It may take a few attempts with different products for patients to achieve relief from their symptoms. This may be because the treatment is ineffective or, alternatively, because of a phenomenon known as ‘tight shoes’ (i.e. where the patient feels only the worst symptom and, once this is treated, the symptom for the next worse condition surfaces in the patient’s awareness)
- Advise patients that they may be able to only detect the most painful or irritating symptom. This means that it not uncommon to see a new symptom surface after one symptom has been treated because, once one symptom has improved, the patient may be able to detect another for the first time. This can be frustrating for patients, because it may feel like their symptoms will never be relieved fully;
- If patients are anxious or frustrated, reassure them that there are other treatment options available. For example, there are some types of specialised eyewear, called moisture chamber spectacles, which wrap around the eyes to protect them from irritants and help them to retain moisture. Always refer patients with persistent symptoms to an eyecare specialist.
If symptoms persist or worsen, patients should be referred to an eyecare specialist. This could be a sign of a more serious underlying condition, or suggest that their dry eye disease is severe and they require more targeted or potent treatment.
The following diagram, showing the dry eye patient’s journey in community pharmacy, can help to decide what is the best course of action at each stage. It is important to follow up with patients and encourage them to return after at least two weeks to find out whether their treatment was effective or whether their symptoms are persistent or have worsened.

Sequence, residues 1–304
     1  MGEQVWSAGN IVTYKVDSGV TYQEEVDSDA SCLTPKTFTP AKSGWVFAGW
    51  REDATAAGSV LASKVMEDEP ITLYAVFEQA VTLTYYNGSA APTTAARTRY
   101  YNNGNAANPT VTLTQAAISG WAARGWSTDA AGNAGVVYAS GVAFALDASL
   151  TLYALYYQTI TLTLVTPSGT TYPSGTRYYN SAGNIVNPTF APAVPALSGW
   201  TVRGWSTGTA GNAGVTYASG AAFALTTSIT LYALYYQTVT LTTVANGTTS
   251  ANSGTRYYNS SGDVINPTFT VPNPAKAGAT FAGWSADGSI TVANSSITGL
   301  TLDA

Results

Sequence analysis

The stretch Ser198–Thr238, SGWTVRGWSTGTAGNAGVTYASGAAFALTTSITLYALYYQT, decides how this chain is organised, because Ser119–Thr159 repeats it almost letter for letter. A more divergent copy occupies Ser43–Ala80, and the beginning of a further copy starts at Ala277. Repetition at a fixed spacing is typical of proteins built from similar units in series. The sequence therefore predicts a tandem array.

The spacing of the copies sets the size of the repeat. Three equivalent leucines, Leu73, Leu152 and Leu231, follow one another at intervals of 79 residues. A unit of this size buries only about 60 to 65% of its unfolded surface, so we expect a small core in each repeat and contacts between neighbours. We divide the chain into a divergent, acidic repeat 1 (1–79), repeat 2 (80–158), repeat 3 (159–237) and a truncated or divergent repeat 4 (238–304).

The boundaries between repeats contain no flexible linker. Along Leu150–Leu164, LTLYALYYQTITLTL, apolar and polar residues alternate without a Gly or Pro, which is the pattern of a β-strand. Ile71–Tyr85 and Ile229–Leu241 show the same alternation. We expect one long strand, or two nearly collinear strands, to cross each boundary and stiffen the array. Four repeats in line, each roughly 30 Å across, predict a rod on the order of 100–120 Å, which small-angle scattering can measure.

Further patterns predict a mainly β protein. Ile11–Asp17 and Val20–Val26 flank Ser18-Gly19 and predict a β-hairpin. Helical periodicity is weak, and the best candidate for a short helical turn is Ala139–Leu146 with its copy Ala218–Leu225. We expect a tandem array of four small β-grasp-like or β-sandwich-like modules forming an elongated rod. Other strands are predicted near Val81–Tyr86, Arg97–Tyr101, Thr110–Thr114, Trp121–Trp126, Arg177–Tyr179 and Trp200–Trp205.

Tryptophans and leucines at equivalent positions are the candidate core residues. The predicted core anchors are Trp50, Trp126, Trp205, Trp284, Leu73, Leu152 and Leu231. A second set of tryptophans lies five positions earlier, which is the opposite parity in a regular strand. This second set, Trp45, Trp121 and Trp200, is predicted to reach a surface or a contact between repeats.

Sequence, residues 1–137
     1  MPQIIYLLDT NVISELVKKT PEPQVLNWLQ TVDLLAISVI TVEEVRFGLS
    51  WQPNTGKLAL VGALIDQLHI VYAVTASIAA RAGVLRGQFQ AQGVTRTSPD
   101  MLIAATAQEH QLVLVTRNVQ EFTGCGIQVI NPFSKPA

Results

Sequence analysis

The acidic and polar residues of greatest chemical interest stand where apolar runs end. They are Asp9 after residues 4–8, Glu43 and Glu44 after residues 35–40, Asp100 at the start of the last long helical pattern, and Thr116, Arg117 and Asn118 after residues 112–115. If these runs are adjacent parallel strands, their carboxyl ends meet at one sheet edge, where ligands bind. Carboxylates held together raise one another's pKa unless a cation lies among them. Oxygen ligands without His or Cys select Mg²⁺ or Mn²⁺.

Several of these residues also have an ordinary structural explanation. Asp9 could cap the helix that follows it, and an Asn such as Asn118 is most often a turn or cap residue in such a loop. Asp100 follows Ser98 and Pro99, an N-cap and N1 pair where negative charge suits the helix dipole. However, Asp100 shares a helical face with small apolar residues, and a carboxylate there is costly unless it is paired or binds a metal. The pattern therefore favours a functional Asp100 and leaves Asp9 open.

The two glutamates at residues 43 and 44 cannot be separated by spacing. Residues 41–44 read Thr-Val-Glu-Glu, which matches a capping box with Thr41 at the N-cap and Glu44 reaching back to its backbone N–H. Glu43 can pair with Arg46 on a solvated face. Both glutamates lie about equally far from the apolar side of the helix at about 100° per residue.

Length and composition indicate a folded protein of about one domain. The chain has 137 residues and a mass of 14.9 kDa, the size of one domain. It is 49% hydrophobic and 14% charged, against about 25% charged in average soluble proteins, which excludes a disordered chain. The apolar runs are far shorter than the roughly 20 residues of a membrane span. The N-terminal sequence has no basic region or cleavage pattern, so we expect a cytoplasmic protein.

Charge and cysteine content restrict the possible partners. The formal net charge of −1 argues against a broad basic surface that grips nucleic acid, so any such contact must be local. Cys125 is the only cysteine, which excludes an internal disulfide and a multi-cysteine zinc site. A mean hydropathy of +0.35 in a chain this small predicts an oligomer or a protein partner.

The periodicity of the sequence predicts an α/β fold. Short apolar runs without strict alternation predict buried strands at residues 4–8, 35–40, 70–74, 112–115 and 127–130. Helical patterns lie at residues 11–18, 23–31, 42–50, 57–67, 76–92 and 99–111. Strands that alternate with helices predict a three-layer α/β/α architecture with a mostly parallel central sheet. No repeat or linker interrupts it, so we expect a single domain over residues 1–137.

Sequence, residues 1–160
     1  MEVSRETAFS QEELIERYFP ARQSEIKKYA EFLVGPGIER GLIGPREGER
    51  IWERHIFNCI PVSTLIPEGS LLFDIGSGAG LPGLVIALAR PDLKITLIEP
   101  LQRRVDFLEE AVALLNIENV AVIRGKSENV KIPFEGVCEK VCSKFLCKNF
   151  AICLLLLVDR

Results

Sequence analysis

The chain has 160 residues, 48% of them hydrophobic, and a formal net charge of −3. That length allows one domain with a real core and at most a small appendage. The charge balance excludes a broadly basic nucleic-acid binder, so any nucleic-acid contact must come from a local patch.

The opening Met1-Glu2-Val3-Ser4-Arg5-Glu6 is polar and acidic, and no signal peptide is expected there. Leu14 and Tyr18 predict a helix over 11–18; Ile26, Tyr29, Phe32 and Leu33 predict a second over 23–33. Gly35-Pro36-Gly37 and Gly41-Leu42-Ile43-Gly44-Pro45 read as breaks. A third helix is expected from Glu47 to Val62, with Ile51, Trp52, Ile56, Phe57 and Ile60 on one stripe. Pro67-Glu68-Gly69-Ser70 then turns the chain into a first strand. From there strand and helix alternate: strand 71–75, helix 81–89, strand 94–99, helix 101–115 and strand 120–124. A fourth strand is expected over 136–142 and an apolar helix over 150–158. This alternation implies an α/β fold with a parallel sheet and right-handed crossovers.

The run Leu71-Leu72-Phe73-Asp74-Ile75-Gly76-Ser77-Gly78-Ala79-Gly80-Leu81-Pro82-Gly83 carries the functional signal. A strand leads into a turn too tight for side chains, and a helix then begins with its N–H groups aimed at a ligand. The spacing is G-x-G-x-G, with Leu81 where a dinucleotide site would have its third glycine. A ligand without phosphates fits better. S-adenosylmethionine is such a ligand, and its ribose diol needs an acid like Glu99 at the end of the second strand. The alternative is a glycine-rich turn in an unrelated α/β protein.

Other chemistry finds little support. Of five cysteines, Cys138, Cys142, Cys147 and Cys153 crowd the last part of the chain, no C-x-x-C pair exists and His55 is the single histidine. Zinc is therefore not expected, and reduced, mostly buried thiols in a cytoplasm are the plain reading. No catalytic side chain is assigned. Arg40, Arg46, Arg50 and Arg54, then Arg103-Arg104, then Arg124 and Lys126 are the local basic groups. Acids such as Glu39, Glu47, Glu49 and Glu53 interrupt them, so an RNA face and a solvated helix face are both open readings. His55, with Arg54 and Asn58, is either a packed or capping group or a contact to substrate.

Dry eye patient’s journey in community pharmacy
Source: MAG / The Pharmaceutical Journal
Resources for patients with dry eye disease
There are many charities and healthcare resources for patients looking for advice and support with their dry eye conditions and related conditions. These resources include:
- Tear Film and Ocular Surface Society (TFOS): A global collaboration of scientists, clinicians and industry professionals that aims to help the world to see better. www.tearfilm.org TFOS published an update to its 2007 Dry Eye Workshop (DEWS) report in July 2017. Find out more about DEWS II.
- Association of Optometrists: A membership organisation for optometrists and other optical professionals. www.aop.org.uk
- Glaucoma Association: A charity for people with glaucoma. Dry Eye Syndrome: A Guide:
- Moorfields Eye Hospital NHS Foundation Trust: A specialist NHS eye hospital based in London. www.moorfields.nhs.uk
- National Eye Research Centre: A UK charity that funds research into the causes of eye disease, the development of treatments and the prevention of blindness. www.nerc-charity.org.uk
- NHS Choices: The UK’s largest health website, from the NHS.
- Blepharitis: www.nhs.uk/Conditions/Blepharitis/Pages/Treatment
- Dry eye syndrome: www.nhs.uk/Conditions/Dry-eye-syndrome/Pages/Treatment
- Rosacea: www.nhs.uk/conditions/Rosacea/Pages/Introduction.aspx
- Not A Dry Eye: A patient-driven, not-for-profit organisation to raise awareness of dry eye disease. www.notadryeye.org
- Royal National Institute of Blind People: A charity for people affected by sight loss. www.rnib.org.uk/ 0303 123 9999 / email@example.com
 Not A Dry Eye. Symptoms. Available at: www.notadryeye.org/all-about-dry-eye-syndrome/symptoms-of-dry-eye-syndrome-and-related-conditions (accessed December 2017)